All this is to say that, when talking about the process of making new opera vs. the product – qualities of the new operas themselves – it is the process which is most at risk of co-option, of feeding capitalism and thereby smothering opera’s overall critical function. In a perfect world – which, for me, would be a world without property or money, a world in which resources are distributed equally and in which the power of technology and automation is harnessed in order to maximise the comfort and freedom of the whole world – there would be no need for critical, revolutionary art. We’d be free to jouir to our hearts’ content, to make works which investigate the beauty of nature, science and love, and to just enjoy the satisfaction of creating, individually and together. All children would  play in orchestras or steel drum bands or gamelans, and we’d spend our evenings teaching each other dance, filmmaking and poetry.

However, in an imperfect world, it is art’s privilege, freedom and responsibility to critique, to make visible or audible those terrible or urgent truths which may have remained hidden, and to unite people through the shared recognition of messages and ideas inexpressible in the rationalised language of ‘official’ discourse. Obviously, in the ‘official’ government arts policy’s focus on process over product, we can perceive their standard line that there is no need to change anything. The UK is a ‘developed’ country, while the ‘end of history’ proved capitalism right. The only possible things for official art to ‘say’ now are things that our ruling liberal-democratic ideology already acknowledges: that racism and homophobia are bad, that recycling is good, that it’s good when foreign peoples topple dictators (especially if they then introduce secular democracies and free trade), that new technologies mean new markets, and that we all need to be creative to pull ourselves out of the recession. With everyone on pretty much the same page, there are no great causes to fight. And this extends onto the battleground of aesthetics as well. Everything is valid now, everything is ‘art’ and everyone is getting on with their own thing. There’s no accounting for taste, of course, but still, to attack another style is to be insufficiently relativist and empathetic to aesthetic Others.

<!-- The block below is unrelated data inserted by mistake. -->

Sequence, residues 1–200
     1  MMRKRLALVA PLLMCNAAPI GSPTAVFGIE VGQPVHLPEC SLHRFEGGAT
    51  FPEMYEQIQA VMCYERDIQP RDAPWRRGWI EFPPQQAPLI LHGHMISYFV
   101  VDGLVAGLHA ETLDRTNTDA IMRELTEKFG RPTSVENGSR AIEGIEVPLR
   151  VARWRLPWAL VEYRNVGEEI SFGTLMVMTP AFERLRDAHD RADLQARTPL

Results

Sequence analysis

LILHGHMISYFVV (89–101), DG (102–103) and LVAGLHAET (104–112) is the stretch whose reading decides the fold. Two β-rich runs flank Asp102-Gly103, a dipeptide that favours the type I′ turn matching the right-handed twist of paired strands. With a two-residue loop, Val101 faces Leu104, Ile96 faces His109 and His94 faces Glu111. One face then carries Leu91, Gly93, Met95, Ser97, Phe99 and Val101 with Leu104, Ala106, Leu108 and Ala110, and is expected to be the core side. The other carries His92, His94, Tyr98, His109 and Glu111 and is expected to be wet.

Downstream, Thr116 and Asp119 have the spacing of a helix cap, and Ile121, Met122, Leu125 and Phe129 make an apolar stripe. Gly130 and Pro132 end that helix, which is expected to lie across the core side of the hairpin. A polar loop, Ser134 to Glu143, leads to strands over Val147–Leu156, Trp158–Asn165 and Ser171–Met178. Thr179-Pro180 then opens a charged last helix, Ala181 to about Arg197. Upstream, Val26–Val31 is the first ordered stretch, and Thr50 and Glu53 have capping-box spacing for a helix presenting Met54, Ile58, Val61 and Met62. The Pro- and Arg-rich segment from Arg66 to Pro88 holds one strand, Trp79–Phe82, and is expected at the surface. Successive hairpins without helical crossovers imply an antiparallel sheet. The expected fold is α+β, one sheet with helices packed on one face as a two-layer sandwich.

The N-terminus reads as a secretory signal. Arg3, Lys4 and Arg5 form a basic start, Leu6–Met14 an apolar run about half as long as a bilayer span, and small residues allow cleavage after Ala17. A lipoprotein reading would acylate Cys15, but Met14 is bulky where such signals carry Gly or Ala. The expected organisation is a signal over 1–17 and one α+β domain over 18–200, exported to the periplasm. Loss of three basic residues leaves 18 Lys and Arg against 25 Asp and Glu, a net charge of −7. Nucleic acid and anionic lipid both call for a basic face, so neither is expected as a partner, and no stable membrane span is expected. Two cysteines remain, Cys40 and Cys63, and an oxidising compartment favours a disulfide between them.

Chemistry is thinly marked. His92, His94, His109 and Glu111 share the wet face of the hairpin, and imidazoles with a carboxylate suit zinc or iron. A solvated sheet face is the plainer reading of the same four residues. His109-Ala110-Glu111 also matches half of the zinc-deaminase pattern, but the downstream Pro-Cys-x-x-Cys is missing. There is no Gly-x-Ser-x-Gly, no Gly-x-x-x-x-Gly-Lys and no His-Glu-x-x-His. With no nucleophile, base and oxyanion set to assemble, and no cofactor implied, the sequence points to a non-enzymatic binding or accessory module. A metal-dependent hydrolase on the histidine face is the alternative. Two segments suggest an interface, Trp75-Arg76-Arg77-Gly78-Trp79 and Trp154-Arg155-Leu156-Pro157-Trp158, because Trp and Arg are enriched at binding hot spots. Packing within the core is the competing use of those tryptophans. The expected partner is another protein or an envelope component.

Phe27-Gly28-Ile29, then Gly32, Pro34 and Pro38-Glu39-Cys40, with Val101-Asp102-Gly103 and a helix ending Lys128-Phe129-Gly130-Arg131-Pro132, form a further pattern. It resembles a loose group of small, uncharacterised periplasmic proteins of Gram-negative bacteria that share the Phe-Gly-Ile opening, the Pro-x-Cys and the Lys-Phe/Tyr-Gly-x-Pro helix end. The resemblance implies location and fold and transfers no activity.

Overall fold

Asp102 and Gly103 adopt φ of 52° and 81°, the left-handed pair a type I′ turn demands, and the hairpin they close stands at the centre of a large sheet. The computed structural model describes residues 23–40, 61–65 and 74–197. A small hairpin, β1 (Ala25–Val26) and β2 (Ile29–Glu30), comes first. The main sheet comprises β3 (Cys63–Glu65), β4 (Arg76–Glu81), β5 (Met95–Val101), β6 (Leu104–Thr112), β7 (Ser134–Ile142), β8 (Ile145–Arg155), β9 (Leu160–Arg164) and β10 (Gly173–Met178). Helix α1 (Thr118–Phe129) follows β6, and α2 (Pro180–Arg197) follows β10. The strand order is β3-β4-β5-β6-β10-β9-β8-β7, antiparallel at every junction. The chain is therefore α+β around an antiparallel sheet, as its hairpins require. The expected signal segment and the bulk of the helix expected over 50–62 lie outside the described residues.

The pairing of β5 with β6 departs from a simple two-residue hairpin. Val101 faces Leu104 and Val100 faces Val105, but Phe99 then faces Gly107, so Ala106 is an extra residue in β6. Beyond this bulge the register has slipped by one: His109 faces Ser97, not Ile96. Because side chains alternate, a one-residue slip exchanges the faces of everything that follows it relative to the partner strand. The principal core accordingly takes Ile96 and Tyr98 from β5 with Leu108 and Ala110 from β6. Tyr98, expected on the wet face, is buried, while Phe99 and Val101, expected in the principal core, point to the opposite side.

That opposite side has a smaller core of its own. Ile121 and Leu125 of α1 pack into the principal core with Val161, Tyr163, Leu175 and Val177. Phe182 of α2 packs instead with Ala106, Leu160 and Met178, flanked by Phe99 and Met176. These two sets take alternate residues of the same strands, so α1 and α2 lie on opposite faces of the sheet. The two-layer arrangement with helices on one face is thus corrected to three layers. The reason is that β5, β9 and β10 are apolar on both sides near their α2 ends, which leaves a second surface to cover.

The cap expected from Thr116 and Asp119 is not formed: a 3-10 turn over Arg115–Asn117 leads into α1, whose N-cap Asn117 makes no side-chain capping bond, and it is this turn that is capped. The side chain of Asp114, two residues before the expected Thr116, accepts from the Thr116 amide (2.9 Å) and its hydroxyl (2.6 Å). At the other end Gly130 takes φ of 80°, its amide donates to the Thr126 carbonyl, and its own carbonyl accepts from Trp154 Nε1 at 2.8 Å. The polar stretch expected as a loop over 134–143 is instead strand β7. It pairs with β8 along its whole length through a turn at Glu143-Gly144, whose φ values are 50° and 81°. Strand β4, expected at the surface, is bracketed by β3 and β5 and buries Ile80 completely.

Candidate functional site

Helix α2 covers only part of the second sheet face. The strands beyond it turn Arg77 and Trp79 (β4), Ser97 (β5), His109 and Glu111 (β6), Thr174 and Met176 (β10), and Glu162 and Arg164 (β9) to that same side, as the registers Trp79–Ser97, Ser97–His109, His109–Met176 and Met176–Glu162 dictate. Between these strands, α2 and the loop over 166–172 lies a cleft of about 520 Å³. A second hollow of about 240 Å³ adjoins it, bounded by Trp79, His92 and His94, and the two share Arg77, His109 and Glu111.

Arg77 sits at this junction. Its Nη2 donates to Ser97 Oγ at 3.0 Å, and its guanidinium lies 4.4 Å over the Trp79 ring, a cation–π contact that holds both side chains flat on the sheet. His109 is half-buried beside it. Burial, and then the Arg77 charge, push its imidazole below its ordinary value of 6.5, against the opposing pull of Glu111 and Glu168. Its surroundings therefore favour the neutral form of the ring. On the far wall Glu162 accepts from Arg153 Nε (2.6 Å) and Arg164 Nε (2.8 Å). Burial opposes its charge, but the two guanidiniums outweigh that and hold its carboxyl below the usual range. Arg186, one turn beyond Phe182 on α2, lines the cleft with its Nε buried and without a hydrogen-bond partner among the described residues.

As Alain Badiou writes:

Convinced of controlling the entire extent of the visible and of the audible through commercial laws of marketing and the democratic laws of communication, contemporary power no longer needs censorship. It says: “Everything is possible.” Which also might mean that nothing is.

This is – and must be – the official ideology of contemporary arts policy in the UK. It is all rubbish, of course, but while process is elevated over product, it will be hard to challenge.

Ask not what you can do for opera – ask what opera can do for you

To escape from this rationalised apparatus of artistic creation – what Herbert Marcuse might have called ‘one-dimensional culture’ – we need to change the way we think about the work we create. In my opinion, what we should be moving away from is any creative process that starts with the following statements:

a) ‘x would make a great opera!’

b) ‘I/We really want to make an opera – what should it be about?’

These statements are couched in the idea that there is already ‘an opera’ or ‘a great opera’ to be made, which somehow precedes, or is separable from, its content and meaning.

More constructive initial approaches might include:

a) ‘I want to make a statement/capture an experience/tell a story that can only be done through opera’

b) ‘My/Our interpretation of this text/story/concept/situation would be best communicated through the combination of music, text and movement (and spectacle) onstage’

c) ‘Why aren’t there any operas about x?/How would one go about making an opera about x?’.

These are subtly but, I believe, fundamentally different approaches. In the first examples, the ideal result is pre-assumed – ‘an opera’ or even ‘a great/good/successful opera’ (by which we mean: something we’d all recognise as an opera, comparable to all the older operas which are very ‘operatic’ in their undeniable opera-ness) – and the interest is in how we get there, how we fill in the blanks in the template, customise it to make it seem new, etc. The latter examples understand ‘opera’ to mean the medium through which a new truth or perspective or idea is represented and communicated. The result is not ‘an opera’, assessable on its opera-ness, but a new artwork that requires the juxtaposition or interaction of text, music and theatre to reveal itself: something unique, distinct and new. And if the meaning of ‘opera’ or ‘great opera’ is changed or deconstructed along the way, so much the better.

In other words, the initial approach shouldn’t be:

would make a great opera!’

so much as:

‘Opera would make a great x!’

To commit to this approach would mean

to reaffirm the radical non-equivalency of the artistic ‘commodity’.